The other day I was watching Kelly and Michael and they were talking about the flu outbreak in the northeast. At the end of the conversation, Kelly Ripa asked the audience how many of them look up their symptoms on WebMD. Not surprisingly, the crowd responded with loud applause. Kelly told the audience that 41% of people who use WebMD diagnose themselves correctly.
That 41% success rate seemed like a lot until Michael Strahan pointed out that if your kid came home with a 41% on a test, you would find that grade completely unacceptable. This reminded me of a time I diagnosed myself incorrectly and what I learned from it.
I was in my twenties and I kept having the symptoms of a urinary tract infection. Despite my symptoms, every time I went to my family doctor for a urinalysis, the tests came back negative. I must have done this little dance with my doctor ten times: I would go to the doctor, he would give me a urinalysis, the test would come back negative and he would send me on my way. What didn’t change, unfortunately for me, were my symptoms.
I told my mom what was going on and she gave me the number of her urologist, and the two times I saw him, he ran a battery of tests and treated me much more thoroughly than my family doctor. The evening after my last visit with him he called me from the airport.
“Patty,” he said, “I can’t get on this plane because you are on my mind. I made you an appointment with a doctor I trust. I think he can help you.”
I was impressed to the point of speechlessness. I never thought any doctor, let alone a specialist, would make my health such a priority that he couldn’t board a plane before he talked to me about how I was feeling. I certainly never received that kind of attention from my family doctor—he wouldn’t call me if he had a tee time.
I went to the appointment the following day, feeling like I was finally in the right hands. I felt confident that finally, someone would get to the bottom of my illness. You can imagine, then, how badly my confidence was shaken when I walked into a psychologist’s office.
I felt livid and betrayed. I made my own diagnosis, just like people do on WebMD, and I knew therapy wasn’t going to make my symptoms go away. I took this defensiveness into the office with me, and the psychologist could feel that my guard was up. He disarmed me by explaining he had spoken with my urologist about my condition at length and they both agreed that this therapy session would be the best thing for me. Besides that, I was being billed regardless of whether I told him anything.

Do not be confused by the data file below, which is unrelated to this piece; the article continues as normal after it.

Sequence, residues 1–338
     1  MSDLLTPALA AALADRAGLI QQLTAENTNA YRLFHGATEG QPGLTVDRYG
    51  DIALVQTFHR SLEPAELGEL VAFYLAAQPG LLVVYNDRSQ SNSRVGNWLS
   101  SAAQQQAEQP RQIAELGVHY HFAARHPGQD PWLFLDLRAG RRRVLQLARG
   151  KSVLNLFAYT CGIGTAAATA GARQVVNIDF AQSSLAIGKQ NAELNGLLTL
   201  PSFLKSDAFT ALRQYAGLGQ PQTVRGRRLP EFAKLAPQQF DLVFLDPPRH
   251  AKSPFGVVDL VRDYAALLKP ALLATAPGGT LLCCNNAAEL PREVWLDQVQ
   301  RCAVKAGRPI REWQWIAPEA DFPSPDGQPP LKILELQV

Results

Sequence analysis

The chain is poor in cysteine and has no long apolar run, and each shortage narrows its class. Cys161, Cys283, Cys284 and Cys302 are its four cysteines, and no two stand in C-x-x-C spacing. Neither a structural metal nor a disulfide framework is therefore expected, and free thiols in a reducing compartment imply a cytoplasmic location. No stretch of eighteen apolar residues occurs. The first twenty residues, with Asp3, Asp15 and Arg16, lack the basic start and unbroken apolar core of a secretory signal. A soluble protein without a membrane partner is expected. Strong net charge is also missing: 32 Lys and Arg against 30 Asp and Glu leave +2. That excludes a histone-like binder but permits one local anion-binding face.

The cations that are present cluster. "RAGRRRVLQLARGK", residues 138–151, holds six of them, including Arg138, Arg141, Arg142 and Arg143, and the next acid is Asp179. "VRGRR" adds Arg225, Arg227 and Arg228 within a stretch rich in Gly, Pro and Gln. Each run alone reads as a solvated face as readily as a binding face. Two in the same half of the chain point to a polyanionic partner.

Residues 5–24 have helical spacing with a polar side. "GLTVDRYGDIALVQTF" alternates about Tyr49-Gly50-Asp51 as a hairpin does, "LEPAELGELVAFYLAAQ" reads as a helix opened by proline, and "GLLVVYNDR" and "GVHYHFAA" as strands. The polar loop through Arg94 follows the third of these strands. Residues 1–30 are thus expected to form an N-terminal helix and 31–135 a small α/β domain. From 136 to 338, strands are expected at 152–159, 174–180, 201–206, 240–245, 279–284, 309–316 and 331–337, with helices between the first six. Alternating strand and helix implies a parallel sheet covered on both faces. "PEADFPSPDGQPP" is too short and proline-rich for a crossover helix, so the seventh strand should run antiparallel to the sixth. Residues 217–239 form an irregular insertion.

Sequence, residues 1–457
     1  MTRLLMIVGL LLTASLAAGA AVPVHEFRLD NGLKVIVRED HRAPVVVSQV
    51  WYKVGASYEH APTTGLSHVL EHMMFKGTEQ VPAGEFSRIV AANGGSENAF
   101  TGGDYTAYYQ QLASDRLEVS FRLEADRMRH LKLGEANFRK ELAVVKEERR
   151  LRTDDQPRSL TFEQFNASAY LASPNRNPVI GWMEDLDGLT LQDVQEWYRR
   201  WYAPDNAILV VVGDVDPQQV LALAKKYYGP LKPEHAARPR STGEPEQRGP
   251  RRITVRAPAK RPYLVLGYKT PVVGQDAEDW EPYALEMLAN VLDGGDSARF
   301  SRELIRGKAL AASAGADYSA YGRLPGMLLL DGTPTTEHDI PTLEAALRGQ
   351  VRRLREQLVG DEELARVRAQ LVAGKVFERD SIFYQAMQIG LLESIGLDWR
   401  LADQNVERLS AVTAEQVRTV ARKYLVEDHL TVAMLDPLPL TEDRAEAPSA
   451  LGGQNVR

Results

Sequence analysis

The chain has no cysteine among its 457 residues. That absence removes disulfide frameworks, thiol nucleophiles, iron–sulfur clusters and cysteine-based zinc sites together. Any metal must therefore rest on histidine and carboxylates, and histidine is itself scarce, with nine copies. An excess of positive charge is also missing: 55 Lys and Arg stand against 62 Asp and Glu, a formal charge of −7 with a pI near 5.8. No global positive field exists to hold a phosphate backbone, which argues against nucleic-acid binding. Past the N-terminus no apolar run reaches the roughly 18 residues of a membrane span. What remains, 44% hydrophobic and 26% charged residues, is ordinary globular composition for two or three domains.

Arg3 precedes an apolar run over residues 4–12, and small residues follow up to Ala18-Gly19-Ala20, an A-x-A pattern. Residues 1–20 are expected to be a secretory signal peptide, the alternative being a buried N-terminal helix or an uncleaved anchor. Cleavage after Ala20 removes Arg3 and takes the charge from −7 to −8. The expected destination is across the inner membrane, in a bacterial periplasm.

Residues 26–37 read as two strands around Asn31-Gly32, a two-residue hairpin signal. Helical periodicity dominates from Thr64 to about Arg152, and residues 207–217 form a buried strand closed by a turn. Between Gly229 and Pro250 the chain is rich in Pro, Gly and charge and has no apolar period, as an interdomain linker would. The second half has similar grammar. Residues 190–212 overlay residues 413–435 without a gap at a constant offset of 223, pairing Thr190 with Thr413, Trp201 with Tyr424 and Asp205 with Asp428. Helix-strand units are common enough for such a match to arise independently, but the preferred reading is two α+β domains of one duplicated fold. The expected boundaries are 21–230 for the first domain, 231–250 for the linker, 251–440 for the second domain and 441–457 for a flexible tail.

So I opened up. That day, I confessed a lot of things I was too afraid to face head on. My marriage was coming to an end, and if that weren’t scary enough, I had no idea how I would raise my two sons on my own. I knew these things in the back of my mind, but this was the first time I ever said them aloud.
I broke down. I felt raw and vulnerable, but I also felt better. I was afraid to face the collapse of my marriage, and this was the first time I acknowledged that fear. The psychologist, who I just met that day, assured me that I had the strength and support to make it through this personal crisis. He also explained that sometimes when people don’t confront their problems, they manifest themselves in the form of physical illness.
I am sharing this story with you for a few reasons. First and foremost, stop self-diagnosing. Sure, 41% of people who self-diagnose on WebMD are right, but that means 59% of them are wrong. Would you continue going to your doctor if he or she diagnosed you incorrectly six out of ten times?
I also want to urge you to be your own health advocate. Never stop seeking out the help you need until you get the right results. I never went back to the psychologist after that day, but I never went back to my family doctor either because the urologist gave me an example of how a doctor should treat his patients. Find a doctor who cares enough about your health to call you from the airport.
As women, we pull double duty. We have to be advocates for men at times, too, because they are too stubborn to do it themselves. My assistant, Jamie, almost lost her grandfather to congestive heart failure because instead of calling his doctor when he was feeling bad, he was going to wait for a month until his next scheduled appointment. She called the doctor for him, took him to the hospital, and they saved his life.
Now, when I am not feeling well, I take a step back and the look at the whole picture. I ask myself if I am under more stress than usual or whether my head might be causing problems for my body. Be 100% in tune with your body so you can do the same.